These assumptions were wrong, and the timeline ended up conflicting with my revenue plan, which was to charge Congressional offices to join. There were like 80 incoming members of Congress in the beginning of 2013, and my plan was to get them all to subscribe to this service, through which they could hire their staff. Except the company that was building the website wasn't even close to being finished by the end of 2012.

I headed back to D.C. with no money and no income. I was sleeping on a friend’s couch. I had a dresser in his closet and my laptop and that was it. That’s when I decided to pivot to an ad-based rather than subscription model.

Mike: This sounds like it’s going off the rails.

I lost sight of the main value I was trying to create in an effort to survive.

Luke: Yeah, I lost sight of the main value I was trying to create in an effort to survive. Because the site wasn’t ready, I couldn’t charge new members to join a site that would bring them up to speed. Going ad-based seemed like it would help. From January 2013 through June, I probably went to 300 bars and restaurants asking them to buy ads on a social network for hill staff. But there were a ton of websites that already did that same thing, so it really wasn't that valuable.

I was just trying to find a way to make this whole thing work.

By May of 2013, the company said they were ready, except the site really didn't have anything beyond ad capability. It didn't have a jobs section or a place to upload legislative documents or anything. I relied on this one company to build the site and they couldn’t do it.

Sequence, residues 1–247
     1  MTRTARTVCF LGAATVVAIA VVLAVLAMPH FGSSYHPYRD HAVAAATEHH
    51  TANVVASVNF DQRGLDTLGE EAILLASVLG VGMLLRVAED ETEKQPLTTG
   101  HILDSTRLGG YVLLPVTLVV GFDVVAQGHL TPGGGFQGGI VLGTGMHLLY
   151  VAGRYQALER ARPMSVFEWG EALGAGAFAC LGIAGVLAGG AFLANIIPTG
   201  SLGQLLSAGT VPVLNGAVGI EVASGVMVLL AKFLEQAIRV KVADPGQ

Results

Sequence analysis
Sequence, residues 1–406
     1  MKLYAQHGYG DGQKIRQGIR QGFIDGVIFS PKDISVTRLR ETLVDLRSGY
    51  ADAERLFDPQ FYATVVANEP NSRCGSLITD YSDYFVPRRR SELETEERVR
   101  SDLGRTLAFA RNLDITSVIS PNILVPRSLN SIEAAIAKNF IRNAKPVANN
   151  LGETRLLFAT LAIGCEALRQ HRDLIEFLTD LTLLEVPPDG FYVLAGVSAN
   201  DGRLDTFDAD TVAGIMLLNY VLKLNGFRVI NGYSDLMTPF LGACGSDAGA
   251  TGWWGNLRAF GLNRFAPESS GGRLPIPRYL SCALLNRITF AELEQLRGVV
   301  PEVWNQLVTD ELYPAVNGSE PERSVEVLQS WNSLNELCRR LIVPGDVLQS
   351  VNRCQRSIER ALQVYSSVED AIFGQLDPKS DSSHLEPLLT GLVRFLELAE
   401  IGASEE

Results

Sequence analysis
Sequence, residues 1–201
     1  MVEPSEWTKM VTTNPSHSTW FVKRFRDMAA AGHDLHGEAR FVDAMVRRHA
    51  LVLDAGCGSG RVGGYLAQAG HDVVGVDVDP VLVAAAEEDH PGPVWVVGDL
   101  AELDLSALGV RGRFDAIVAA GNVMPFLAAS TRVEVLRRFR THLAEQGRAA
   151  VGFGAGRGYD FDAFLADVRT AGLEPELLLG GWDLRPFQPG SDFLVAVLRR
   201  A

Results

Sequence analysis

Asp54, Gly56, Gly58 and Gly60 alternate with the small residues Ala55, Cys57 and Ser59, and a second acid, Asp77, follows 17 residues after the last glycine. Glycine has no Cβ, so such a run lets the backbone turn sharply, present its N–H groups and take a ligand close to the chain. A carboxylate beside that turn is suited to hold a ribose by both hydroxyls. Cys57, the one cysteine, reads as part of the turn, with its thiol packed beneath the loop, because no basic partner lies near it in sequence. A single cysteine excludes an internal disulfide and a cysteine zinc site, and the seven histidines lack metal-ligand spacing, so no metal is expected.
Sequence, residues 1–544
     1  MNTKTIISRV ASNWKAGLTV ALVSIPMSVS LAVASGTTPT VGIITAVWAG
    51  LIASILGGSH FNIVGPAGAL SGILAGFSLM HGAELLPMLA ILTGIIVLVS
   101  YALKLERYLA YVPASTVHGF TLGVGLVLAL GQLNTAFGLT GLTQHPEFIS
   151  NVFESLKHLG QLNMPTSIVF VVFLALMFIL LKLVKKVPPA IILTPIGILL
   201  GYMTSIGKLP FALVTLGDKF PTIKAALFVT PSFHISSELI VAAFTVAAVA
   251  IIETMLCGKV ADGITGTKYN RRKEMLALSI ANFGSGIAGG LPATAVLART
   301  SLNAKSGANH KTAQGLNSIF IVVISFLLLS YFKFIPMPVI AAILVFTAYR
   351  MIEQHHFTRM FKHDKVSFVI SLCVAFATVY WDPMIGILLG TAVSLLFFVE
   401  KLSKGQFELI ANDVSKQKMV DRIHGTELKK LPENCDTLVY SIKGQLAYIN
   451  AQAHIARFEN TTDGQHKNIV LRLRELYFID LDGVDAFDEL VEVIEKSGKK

Mike: So did you just scrap the entire thing?

Luke: No, because I had 100 people that were testing the site for me before it launched, and a lot of people wanted to see me succeed. We launched, and had almost 200 congressional staffers on the website. That was probably more embarrassing, because it wasn’t what I had envisioned.

I had no money left at this point and I was still living on a couch. That’s when I realized it was over.

Then, in May, the company that built the website told me they were shutting down. I had no money left at this point and I was still living on a couch. That’s when I realized it was over.

Mike: It sounds like you did everything you could to make it work.

Luke: I really did. I tried learning coding over that six months. I worked all day, and then from 11:00 p.m. to 1:00 a.m., I’d study code.

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Kenworthy tried to learn to code to keep his business alive (photo via Flickr)

But there was just too much to do. I found a normal job and let the site die.

And that’s my story.

Mike: It sounds like you did a couple things wrong initially that made it hard to course correct later on. What’s the biggest thing you wish you’d done differently?